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Bottom line, it’s light-hearted fare but thoroughly entertaining. The chemistry between Rock and Doris is certainly there, albeit not exactly sexual in nature – it’s more like you can see the genuine affection and appreciation the two had for each other, and that makes all the difference. If you liked this movie, check out Down With Love starring Ewan McGregor and Renee Zellweger. It’s a modern homage to this exact genre, complete with fabulous outfits, brightly colored sets, and zippy songs, right down to the neurotic, slightly effeminate best friend (David Hyde Pierce). It’s cute, but nothing will ever touch the original. Cheers!

Cocktail #1: Pillow Talk

From Imbibe Magazine, the soothing chamomile and dreamy, floral notes of the Creme Yvette make this drink the perfect nightcap. Just right for cuddling up by a roaring fire with someone who’s totally playing you 😛

  • 2 oz chamomile-infused pisco
  • 3/4 oz simple syrup
  • 3/4 oz. fresh lime juice
  • 1/4 oz creme de violette

Shake all ingredients in a cocktail shaker with ice. Strain into a coupe glass.

For the chamomile-infused pisco, the directions say to add 2 tbl dried chamomile to a 750-ml bottle of pisco, infuse overnight and strain into a clean bottle before using. I only did 1 tea bag in 6 oz of pisco, and left it for about 5 hours, swirling occasionally. I did a 6 oz batch of gin as well, and it began to develop a slightly bitter flavor after the same amount of time so I just took both tea bags out (although my assumption is that the pisco could have withstood a touch more steeping than the gin). Your mileage may vary – as with all infusions, make sure to taste at regular intervals.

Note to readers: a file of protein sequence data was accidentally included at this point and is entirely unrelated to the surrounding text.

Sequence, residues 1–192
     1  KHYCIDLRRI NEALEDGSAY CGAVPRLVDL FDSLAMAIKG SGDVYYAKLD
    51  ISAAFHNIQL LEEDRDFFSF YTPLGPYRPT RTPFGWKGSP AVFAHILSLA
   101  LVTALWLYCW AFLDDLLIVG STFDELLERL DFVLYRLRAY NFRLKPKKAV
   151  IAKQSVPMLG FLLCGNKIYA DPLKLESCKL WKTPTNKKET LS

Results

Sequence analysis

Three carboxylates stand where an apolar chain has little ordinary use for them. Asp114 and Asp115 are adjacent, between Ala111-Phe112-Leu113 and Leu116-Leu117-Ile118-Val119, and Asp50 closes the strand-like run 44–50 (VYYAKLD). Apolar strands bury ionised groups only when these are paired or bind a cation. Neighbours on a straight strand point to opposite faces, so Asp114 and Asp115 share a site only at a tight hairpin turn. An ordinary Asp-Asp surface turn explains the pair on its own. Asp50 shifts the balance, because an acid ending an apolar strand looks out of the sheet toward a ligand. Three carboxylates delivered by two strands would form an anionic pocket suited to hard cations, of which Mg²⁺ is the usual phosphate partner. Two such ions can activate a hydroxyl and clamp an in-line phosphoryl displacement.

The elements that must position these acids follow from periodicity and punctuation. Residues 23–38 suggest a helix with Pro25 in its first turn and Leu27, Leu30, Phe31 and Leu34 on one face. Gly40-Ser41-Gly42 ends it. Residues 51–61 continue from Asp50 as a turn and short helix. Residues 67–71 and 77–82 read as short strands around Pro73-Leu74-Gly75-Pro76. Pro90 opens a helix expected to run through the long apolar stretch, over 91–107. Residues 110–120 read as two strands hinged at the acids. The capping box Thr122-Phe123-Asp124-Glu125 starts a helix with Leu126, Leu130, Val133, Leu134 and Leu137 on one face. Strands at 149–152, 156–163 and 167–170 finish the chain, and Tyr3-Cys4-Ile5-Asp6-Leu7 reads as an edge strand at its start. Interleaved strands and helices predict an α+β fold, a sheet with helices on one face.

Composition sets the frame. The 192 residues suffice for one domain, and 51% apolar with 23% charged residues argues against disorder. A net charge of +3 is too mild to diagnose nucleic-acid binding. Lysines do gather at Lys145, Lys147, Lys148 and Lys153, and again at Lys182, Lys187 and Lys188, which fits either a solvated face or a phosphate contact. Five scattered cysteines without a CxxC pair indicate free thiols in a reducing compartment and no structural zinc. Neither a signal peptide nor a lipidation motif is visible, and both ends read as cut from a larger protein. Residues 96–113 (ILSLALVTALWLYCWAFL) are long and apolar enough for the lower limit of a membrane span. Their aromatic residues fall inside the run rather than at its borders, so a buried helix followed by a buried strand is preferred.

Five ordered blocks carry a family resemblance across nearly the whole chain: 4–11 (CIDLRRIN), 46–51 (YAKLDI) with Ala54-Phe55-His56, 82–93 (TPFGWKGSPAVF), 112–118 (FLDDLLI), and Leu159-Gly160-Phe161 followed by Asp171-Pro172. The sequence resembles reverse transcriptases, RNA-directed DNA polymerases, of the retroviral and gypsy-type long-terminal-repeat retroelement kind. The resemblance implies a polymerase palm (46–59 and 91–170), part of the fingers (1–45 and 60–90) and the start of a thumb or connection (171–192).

Cocktail #2: Pink Petticoat

We recently had a delicious cocktail at Jose Andres’ barmini called the Cross Eyed Mary. It consisted of demerara rum, honey, lemon, absinthe, and a smooth, velvety passion fruit foam floating on top. The foam itself was a bit tart, yet mostly sweet, and provided a delicious balance to the alcohol lurking below. The fun part was trying to get a good bit of both the foam and the cocktail in each sip! Here’s a take on this concept with raspberry espuma (fancy-ass word for foam) atop white rum, simple syrup, lime, and Cointreau. Enjoy!